How Retail Transformation Creates a Growing Market for Critical Infrastructure
Retail isn’t dead; it’s changing. At least, that’s what both consumers and retail business owners – big box and small alike – have reason to believe. There is no doubt that the global pandemic has accelerated the adaptation of retail, but it is equally as obvious that retail was experiencing transformation well before 2020.
Where Does Retail Go From Here?
Modern analytical results have shown that when customers visit retail locations, they value convenience and uninterrupted shopping experiences more than the store’s ability to provide a variety and quantity of products.
This has resulted in a decrease in traffic within retail stores, and an increase in online, pickup, and delivery orders. Rather than ridding the world of storefronts, the new focus should be on adapting in order to maintain the in-person aspect while simultaneously catering to the digital age.
When observing these long-term trends in an attempt to stay ahead of the curve of innovation, one must beg the question: How is retail going to continue to change, moving forward? Furthermore, what does that mean to the market for critical infrastructure?
Retail or Industrial?
One of the major attempts retailers have pursued, in an effort to properly adapt to the new age, is store fulfillment. Store fulfillment refers to a brick-and-mortar business serving as a hybrid retail and warehouse or distribution center to fulfill an order, no matter its origin. Some may realize this retail-serving-as-industrial concept is nothing new. However, according to recent studies, there have been sixty new retail-to-industrial transformation projects rolled out in the past three years (2017-2020) as opposed to less than one hundred that were completed within the entire previous decade.
The industrial warehouse space meets its match with critical infrastructure. They are almost inseparable within the conversation of development and construction; where there’s an industrial facility, there’s usually a need for infrastructure equipment.
But what about retail? If retail spaces are going to increasingly make technological adoptions to meet the quick delivery and convenience demands of the modern shopper, they are going to need to make changes in other categories as well.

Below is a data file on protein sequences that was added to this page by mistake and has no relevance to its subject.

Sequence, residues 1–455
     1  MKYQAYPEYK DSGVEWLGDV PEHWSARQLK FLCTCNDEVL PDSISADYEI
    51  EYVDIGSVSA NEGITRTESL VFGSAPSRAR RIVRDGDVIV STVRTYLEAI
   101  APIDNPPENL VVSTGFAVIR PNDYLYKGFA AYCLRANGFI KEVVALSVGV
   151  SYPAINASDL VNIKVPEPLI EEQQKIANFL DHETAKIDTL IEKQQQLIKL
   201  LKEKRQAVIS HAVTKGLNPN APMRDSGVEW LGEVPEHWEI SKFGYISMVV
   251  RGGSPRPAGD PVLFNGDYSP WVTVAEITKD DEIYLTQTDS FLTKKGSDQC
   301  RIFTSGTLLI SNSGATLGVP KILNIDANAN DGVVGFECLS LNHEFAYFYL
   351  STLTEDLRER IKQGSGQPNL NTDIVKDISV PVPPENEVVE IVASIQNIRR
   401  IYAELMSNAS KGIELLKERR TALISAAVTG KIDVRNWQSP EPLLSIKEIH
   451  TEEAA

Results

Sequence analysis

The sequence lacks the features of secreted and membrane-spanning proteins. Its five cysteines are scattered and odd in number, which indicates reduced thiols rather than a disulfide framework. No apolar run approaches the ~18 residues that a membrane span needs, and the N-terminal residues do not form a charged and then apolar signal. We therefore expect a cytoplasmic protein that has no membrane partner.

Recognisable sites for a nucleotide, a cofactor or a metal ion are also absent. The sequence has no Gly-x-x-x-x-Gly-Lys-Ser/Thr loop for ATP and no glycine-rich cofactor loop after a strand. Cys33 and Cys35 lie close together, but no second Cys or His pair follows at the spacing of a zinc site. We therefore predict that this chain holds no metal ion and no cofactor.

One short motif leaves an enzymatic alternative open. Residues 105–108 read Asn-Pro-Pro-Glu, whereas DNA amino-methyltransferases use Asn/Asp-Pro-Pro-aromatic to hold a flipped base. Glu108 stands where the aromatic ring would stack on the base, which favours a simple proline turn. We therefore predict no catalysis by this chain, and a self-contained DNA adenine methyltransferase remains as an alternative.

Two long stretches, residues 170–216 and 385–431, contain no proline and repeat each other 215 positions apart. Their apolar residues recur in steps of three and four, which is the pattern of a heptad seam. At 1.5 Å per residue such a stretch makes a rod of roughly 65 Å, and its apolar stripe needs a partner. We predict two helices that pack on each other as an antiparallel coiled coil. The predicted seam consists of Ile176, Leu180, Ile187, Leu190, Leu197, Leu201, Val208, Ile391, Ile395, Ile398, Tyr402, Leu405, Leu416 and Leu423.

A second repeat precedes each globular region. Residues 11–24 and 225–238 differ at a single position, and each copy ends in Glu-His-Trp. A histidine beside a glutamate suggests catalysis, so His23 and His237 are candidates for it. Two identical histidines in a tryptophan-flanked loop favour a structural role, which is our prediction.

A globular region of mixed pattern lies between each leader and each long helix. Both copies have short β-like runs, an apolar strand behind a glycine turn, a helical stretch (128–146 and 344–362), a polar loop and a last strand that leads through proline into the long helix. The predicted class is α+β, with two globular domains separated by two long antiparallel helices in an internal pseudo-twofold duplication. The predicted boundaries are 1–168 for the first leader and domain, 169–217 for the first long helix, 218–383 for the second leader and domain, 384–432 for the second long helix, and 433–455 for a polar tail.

Mission-Critical Infrastructure in Retail Spaces
Where Big Box retail spaces used to only need small scale infrastructure for small data center and server rooms, there are increased capacity demands due to automation and material handling equipment.
No longer are retail spaces such as Walmart, Target, Costco, and Sam’s Club solely in need of connectivity and protection for their registers, security, and video & surveillance equipment. Now, the need for large-scale Uninterruptible Power Supply is increasing to provide support for, and protection of, power distribution to operational software and equipment that drives micro-warehouses for e-commerce fulfillment.
Increased Latency Sensitivity
Large-scale grocery stores are beginning to adapt to fully automated micro-fulfillment warehouses. Companies are currently creating automation and robotics technology to enable micro-warehouses within grocery stores that will identify and retrieve thousands of distinct items in the order fulfillment process.
In doing so, they are minimizing the need for manual labor until the orders are finalized, displaying a great dependence on technology at a large scale. This kind of progression of technology within the retail and grocery market will expose its sensitivity to latency and drive the demand for protection.
With the growing number of companies who lose hundreds of thousands of dollars in revenue from just an hour of downtime, the retail and grocery markets will soon be susceptible to much larger losses if not met with proper solutions to mitigate latency.
Precision Cooling Solutions
The increase in power and software will also create a ripple effect of a necessity for cooling equipment, specifically Computer Room Air Conditioning (CRAC) Units for the computer equipment driving the technology.
Precision cooling is necessary for data centers to maximize efficiency and prevent equipment from derating due to improper environmental conditions. Shopping, picking, and order fulfillment are all 24/7 operations. They never stop. It will become increasingly necessary to deploy the proper infrastructure for this continuous, mission-critical, technological operation.
Being Prepared to Meet the Demands of the Market
While brick-and-mortar still has its retail foothold, anchor retailers are utilizing their footprint as warehouses and distribution facilities to meet the need for immediate gratification in the retail market, creating a growing market for mission-critical infrastructure. Shelves are filling up and merchandise is more on-hand, but it is not there to drive in-store traffic; it is there to bolster in-store fulfillment.
How large of a scale will store-fulfillment get? No one knows. What we do know is the retail market has already begun its shift to meet the demands of the market. We believe that we have the expertise and unique solutions to help your business meet those needs.
Contact us today to consult with a professional and begin your store fulfillment center or retail-industrial transformation.